There comes a point in everyone's life, and your career, where you think how you will leave your legacy. I think what moves me along in my career--was initially the drive, the perseverance to learn and grow myself professionally--but now, I want to reach out and engage in conversation to recognize where we all are, where we come from and how far we have to go. And, what part can I play in that?
What does the title of “first female VP of operations" in the bourbon industry mean to you?
My titles have always been a descriptor of what I do--I think in my byline, I'd rather have a descriptor of what I do because I don't think titles can tell you who you are. When the master distiller left, Bill offered me the job and a few months later, he said, 'You know you're the first woman to hold this role?' I thought, 'How could I have not noticed that?'
It was a little disappointing as that was in the 2000s. Up until then, whenever I reached these roadblocks, I thought in the future, I won't have that problem. So to realize this in 2010, it was humbling but also very concerning.
"Gender is a very obvious topic when we discuss certain careers, but it really is about who people are."
You mentioned how times were changing in the bourbon industry with the prevalence of individualism. How do you encourage individualism at Maker's Mark?
Gender is a very obvious topic when we discuss certain careers, but it really is about who people are. Even though I'm leading the team, I see myself working side-by-side with everyone. In the 180 team members we have, I recognize each of them, and what they bring to work every day. Yes, we have processes and standard ways of working and quality control, and sometimes it's formalized but there should always be an opportunity for people to bring something of themselves.
What exactly is different regarding the flavor profiling of Maker's 46 vs the original MM?
Maker's 46 is a bigger and bolder version of the original Maker's Mark. The expression takes fully matured Maker's Mark and utilizes a finishing process in which ten seared French oak staves are inserted in the barrel to yield deep flavors of vanilla, caramel, oak, and spice.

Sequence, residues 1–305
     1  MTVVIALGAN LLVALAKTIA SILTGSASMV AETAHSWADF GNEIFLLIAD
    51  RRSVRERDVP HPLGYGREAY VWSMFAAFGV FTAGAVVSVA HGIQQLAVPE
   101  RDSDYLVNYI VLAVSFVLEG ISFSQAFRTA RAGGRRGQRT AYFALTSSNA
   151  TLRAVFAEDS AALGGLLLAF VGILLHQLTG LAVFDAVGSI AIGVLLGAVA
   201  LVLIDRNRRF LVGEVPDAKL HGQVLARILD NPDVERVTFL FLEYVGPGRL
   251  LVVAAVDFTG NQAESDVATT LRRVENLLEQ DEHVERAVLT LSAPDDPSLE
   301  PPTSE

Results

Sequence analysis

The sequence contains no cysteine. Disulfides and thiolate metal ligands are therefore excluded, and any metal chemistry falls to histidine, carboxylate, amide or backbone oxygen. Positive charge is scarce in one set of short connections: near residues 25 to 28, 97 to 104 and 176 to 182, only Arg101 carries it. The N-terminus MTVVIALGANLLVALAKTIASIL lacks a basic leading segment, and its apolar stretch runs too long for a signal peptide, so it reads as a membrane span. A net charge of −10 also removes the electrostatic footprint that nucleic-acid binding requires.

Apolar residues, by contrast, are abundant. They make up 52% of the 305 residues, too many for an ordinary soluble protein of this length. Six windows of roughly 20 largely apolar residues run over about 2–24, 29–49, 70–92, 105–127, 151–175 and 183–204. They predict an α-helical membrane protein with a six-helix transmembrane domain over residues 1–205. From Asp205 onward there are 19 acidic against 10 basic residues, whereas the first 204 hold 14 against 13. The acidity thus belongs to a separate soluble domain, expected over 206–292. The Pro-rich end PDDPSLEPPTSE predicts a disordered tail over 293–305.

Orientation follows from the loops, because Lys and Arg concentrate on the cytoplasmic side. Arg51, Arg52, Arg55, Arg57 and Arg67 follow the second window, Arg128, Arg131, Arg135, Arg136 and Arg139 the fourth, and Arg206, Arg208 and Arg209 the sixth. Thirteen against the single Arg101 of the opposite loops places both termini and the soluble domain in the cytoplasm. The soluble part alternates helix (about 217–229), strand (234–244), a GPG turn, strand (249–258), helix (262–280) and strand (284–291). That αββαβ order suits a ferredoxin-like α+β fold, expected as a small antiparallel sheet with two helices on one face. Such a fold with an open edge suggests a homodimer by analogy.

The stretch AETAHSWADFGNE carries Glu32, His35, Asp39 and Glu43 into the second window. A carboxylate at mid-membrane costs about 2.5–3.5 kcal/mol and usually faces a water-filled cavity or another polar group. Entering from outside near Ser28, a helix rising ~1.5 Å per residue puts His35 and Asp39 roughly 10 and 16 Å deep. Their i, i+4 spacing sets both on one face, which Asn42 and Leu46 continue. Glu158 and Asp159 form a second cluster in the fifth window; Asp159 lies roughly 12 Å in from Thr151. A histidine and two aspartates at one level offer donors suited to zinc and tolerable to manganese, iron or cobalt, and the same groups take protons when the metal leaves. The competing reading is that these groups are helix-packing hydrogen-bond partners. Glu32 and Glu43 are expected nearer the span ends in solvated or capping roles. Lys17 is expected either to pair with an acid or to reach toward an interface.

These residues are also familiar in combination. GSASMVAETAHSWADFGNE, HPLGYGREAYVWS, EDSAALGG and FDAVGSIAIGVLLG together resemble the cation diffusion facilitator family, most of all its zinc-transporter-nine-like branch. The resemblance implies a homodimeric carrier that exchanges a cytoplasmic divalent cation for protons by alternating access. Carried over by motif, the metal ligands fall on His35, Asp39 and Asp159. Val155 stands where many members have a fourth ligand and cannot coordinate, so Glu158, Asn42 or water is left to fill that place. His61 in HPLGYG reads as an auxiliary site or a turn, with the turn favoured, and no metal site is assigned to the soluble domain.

Can you speak to what it's meant to play such a huge role in developing Maker's 46 and how this relates back to the female-creativity that Marge Samuels originally lent the brand's first bourbon?
Throughout the development of Maker's 46, we learned much about the uniqueness of Maker's Mark. Marge was a true pioneer in the bourbon industry – her vision remains at the foundation of everything we produce. Similar to the Maker's Mark bottle design, the Maker's 46 bottle is a tribute to Marge's groundbreaking design with its signature red wax dip and SIV logo that Marge designed.
What's next for the brand? And what's next for you?
With the success of Maker's Mark Private Select, our unique private barrel program that allows retailers to make their own version of Maker's Mark, we're continuing to experiment with wood finishes. In March, I celebrated my 29th anniversary with our company, and I'm looking forward to what the future holds. It's such an exciting time to be in the bourbon business. The industry is booming with a new level of interest from consumers. My curiosity and penchant for learning inspire me to continue to grow just as it did when I first joined the bourbon industry.
3 Min Read
Thinking of ringing up your ex during these uncertain times? Maybe you want an excuse to contact your ex, or maybe you genuinely feel the need to connect with someone on an emotional level. As a matchmaker and relationship expert, I was surprised at the start of the coronavirus quarantine when friends were telling me that they were contacting their exes! But as social distancing has grown to be more than a short-term situation, we must avoid seeking short-term solutions—and resist the urge to dial an ex.